Language in a more technical context (language of algebra, or programming languages) is a system of formal symbols and rules.

A very short but succinct definition comes from the German philosopher Walter Benjamin (1892-1940): "Every communication of mental content is language."

Language serves to grasp and understand the world. Thinking also employs language. Thus, one's identity is developed through one's own language.

The scientific study of language is called linguistics. Some modern philosophers such as Ludwig Wittgenstein (1889 – 1951) argued that philosophy is in fact the study of language. In his magnum opus (= main work), the "Tractatus Logico-Philosophicus" (1921, 75 pages).
The book starts with the statement: "The world is all that is the case."
And it ends with the proposition "Whereof one cannot speak, thereof one must be silent."


Empirical research on the consequences of bilingualism deliver mixed results. Especially older studies mainly demonstrated negative effects for bilingualism. Some researches went so far, to state: “we are monolingual creatures and it would be against our nature to learn and speak another language” – seemingly influenced by ideology.
Also, severe methodological flaws have been detected in some older studies, partly due to the fact, that the concept of bilingualism was ill-defined at that time.
In recent years, the benefits of bilingualism became more numerous than disadvantages.

Overall, studies of neuronal representations in bilingual adults have shown that similar areas are activated when processing (active form: speaking / writing; or passive: listening / reading) the first (L1) or second (L2) language. The factors to consider when studying bilinguals are:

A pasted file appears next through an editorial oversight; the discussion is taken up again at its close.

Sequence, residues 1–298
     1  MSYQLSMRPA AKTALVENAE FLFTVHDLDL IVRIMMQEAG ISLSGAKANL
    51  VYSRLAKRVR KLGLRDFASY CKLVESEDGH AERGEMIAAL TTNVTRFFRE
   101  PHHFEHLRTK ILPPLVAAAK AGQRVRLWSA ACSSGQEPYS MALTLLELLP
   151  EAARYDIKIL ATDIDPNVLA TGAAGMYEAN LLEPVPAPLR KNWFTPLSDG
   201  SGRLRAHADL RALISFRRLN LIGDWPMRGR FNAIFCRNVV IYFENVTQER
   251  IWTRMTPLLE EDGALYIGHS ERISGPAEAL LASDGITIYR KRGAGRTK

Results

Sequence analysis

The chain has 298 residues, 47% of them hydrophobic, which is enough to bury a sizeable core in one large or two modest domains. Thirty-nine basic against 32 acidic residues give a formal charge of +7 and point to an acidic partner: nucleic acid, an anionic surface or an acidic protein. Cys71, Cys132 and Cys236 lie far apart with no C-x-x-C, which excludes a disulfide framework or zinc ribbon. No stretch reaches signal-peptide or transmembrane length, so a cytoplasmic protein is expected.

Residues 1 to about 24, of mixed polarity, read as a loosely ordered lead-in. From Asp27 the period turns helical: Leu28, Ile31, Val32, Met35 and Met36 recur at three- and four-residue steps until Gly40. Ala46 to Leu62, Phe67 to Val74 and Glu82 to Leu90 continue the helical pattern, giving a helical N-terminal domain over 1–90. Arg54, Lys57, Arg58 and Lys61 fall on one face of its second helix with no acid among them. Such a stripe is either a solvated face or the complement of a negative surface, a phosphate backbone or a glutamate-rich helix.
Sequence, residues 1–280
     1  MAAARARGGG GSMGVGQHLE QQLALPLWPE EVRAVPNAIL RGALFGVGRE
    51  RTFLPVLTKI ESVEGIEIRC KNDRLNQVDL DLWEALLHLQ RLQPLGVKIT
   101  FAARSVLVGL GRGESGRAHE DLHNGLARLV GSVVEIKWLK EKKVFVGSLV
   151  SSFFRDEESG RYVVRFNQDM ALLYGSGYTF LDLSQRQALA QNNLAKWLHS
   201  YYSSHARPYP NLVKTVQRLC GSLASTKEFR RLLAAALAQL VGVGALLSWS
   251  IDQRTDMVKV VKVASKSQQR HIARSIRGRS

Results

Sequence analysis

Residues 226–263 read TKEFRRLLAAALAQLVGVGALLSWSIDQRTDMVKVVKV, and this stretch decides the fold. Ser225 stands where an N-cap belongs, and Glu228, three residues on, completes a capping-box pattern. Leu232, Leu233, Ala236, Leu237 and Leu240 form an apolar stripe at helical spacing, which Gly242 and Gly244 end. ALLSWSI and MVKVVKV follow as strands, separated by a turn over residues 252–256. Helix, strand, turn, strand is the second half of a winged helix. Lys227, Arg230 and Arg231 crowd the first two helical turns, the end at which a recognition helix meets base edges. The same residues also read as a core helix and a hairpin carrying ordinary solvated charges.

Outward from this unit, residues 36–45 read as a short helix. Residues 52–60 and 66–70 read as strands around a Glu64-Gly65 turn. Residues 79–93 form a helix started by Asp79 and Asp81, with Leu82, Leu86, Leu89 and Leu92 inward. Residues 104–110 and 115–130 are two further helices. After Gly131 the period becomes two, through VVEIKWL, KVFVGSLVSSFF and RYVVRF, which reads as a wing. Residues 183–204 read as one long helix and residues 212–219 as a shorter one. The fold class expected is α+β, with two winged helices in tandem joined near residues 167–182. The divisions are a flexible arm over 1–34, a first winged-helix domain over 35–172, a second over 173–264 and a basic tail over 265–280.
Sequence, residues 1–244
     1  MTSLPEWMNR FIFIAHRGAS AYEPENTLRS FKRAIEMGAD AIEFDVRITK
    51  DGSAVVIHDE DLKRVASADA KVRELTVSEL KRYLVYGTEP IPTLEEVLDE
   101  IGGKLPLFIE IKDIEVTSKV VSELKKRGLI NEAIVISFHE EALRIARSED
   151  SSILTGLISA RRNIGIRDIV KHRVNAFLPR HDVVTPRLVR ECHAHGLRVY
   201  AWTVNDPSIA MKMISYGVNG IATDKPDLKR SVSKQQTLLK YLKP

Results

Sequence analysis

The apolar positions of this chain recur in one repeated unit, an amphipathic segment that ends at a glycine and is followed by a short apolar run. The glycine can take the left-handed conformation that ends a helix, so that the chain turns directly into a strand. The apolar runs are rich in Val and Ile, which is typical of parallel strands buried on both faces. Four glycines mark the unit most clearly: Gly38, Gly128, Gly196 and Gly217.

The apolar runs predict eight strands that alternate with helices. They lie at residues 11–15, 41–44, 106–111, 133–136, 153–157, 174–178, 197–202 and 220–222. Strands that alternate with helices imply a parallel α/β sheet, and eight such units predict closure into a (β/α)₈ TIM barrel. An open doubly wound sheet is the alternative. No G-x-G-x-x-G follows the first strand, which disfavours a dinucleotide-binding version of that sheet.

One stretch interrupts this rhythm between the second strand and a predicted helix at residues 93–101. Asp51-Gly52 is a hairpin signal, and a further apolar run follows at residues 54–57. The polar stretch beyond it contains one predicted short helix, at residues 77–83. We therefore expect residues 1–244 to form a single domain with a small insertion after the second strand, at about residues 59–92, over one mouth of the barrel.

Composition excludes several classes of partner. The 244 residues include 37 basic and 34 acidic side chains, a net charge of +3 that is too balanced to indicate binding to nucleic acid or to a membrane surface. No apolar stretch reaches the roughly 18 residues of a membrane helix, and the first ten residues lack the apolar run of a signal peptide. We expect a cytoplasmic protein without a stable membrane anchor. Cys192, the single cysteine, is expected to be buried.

Note that these studies comparing early / late learning maintain other variables constant.

The earlier the L2 is learned (the so-called "early" bilingual), the more the cerebral areas are divided between L1 and L2. During later L2 learning, the same areas appear activated but there would be additional recruitment of adjacent areas.

The variable "competences" influences mainly the lexico-semantic treatment in L2. Thus, the higher the L2 skills, the more the cerebral network between L1 and L2 would be shared.

The benefits of a bilingual brain

This TED video (5 minutes long) illustrates recent development in bilingual research and explains the general concept.

Two languages

This conference discussed and explored, via multiple fields and perspectives, the concept of “being bilingual” (“vivre bilingue”). It shared French and North American perspectives from experts in bilingualism, psychology, psychiatry, linguistics, nutrition, multiculturalism and education on the advantages of living with two languages.

The conference "Living with Two Languages: the Advantages of Being Bilingual", took place at the Lycée Français de New York on Saturday, April 13, 2013. Experts from the United States, France and Canada gave serval talks which where recorded and are avialable via the internet.